The next morning Sean proved my point. He gave me a comforting hug and said "Don't worry, Dad. It's only two losses so far. We'll get 'em in LA."
I swear I almost cried when he said that. Bridget and I met eyes, and just like the old man and I had done in the restroom the night before, we spoke to each other without speaking. We were both thinking about an incident that took place at Wrigley Field in 1996 when my oldest boy Tommy was a baby.
An older lady came up to me and cooed at the adorable baby in my arms. She asked me: "So, are you going to make him a Cubs fan too?"
"Yes I am," I said proudly.
"That's child abuse," she replied, and walked away.
I didn't think so then, but if I were put under oath today, I would have to say: "Guilty as charged, your honor."
Monday, October 13, 2008
Every Monday stop by for jokes, links to stories you might have missed, amusing photos and video, and more. Contributions and suggestions are welcome and encouraged. Click on the "Email Me" link on the right to contribute.
Joke of the Week: Contributed by "K"
A man is dining at a fancy restaurant and there is a gorgeous redhead sitting at the next table. He has been checking her out since he sat down, but lacks the nerve to talk with her.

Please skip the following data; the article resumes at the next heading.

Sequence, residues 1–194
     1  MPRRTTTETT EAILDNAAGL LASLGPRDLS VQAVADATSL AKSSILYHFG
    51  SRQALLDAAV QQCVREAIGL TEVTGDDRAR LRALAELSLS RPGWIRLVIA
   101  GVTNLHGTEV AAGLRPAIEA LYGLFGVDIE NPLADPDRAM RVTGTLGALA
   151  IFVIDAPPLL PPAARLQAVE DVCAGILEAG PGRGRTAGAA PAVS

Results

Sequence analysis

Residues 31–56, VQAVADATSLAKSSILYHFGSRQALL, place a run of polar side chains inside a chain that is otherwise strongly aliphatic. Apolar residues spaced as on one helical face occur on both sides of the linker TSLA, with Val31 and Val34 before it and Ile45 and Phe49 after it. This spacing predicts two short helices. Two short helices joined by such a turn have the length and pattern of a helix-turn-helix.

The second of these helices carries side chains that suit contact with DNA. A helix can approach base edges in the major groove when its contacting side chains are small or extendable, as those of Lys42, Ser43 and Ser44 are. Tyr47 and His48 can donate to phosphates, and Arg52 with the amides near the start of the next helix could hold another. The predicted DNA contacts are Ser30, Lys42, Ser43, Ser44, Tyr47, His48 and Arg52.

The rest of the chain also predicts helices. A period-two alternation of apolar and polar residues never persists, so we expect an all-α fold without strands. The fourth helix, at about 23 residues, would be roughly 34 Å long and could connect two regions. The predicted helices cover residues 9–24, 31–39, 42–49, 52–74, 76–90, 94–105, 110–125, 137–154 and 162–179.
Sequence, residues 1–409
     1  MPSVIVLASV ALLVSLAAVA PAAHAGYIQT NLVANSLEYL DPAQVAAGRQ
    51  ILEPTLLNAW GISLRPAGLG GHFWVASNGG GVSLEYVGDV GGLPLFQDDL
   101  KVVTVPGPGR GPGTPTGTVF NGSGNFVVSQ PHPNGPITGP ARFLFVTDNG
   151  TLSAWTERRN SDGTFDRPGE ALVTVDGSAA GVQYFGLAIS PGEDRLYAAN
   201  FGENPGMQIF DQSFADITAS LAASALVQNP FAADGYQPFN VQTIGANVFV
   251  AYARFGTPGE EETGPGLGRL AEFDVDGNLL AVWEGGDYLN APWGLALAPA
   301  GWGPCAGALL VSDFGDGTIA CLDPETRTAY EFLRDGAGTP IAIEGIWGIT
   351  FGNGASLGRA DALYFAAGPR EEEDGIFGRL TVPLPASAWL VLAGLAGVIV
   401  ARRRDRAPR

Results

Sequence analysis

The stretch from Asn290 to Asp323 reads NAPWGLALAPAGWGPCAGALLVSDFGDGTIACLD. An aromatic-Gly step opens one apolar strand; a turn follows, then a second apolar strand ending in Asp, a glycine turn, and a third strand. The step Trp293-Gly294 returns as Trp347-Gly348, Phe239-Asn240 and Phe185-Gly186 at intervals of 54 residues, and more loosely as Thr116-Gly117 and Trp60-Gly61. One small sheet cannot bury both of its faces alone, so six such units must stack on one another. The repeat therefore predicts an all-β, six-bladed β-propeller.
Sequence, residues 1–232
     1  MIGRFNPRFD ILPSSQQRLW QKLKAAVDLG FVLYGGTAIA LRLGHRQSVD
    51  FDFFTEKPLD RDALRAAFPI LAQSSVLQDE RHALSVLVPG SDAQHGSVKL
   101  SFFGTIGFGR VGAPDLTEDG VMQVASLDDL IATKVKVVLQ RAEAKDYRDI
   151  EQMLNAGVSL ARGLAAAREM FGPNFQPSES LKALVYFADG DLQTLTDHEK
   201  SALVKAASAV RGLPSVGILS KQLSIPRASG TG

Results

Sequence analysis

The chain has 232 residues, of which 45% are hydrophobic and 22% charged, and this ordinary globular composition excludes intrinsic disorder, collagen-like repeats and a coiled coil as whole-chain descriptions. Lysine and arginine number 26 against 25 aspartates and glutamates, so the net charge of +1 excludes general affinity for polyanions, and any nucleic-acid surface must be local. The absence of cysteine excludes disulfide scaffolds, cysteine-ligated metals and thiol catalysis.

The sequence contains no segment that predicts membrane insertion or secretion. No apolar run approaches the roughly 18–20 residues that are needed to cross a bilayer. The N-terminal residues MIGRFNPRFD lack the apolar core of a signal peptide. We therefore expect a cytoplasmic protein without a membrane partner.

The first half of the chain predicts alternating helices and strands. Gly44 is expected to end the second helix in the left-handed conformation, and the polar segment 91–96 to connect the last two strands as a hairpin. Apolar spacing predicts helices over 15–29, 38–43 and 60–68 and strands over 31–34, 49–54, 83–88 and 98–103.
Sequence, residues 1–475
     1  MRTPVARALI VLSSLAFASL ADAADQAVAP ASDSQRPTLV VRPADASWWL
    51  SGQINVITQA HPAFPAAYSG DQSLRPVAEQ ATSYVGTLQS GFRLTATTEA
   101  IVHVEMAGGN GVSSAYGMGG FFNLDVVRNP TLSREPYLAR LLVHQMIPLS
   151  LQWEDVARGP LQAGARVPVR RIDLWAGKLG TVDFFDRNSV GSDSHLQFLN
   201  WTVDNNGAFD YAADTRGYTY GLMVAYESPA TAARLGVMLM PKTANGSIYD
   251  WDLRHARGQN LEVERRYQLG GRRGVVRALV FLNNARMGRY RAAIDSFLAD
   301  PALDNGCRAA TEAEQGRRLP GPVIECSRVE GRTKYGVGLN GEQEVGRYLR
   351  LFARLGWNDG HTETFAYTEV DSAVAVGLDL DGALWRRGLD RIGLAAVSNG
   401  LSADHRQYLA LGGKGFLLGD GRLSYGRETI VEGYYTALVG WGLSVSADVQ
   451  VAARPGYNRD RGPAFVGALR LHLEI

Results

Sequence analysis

Suddenly she sneezes, and her glass eye comes flying out of its socket toward the man. He reflexively reaches out, grabs it out of the air, and hands it back.
'Oh my, I am so sorry,' the woman says as she pops her eye back in place.
'Let me buy your dinner to make it up to you,' she says.
They enjoy a wonderful dinner together, and afterwards they go to the theatre followed by drinks. They talk, they laugh, she shares her deepest dreams and he shares his. She listens.
After paying for everything, she asks him if he would like to come to her place for a nightcap and stay for breakfast. They had a wonderful, wonderful time.
The next morning, she cooks a gourmet meal with all the trimmings. The guy is amazed . . . Everything had been SO incredible! 'You know,' he said, 'you are the perfect woman. Are you this nice to every guy you meet?'
'No,' she replies. . . 'You just happened to catch my eye.'
Stories you might have missed
1. Bird poops in reporter's mouth
(Don't watch this while you're eating)
2. How angry is John McCain?
(Sounds a little Yosemite Sam-ish.)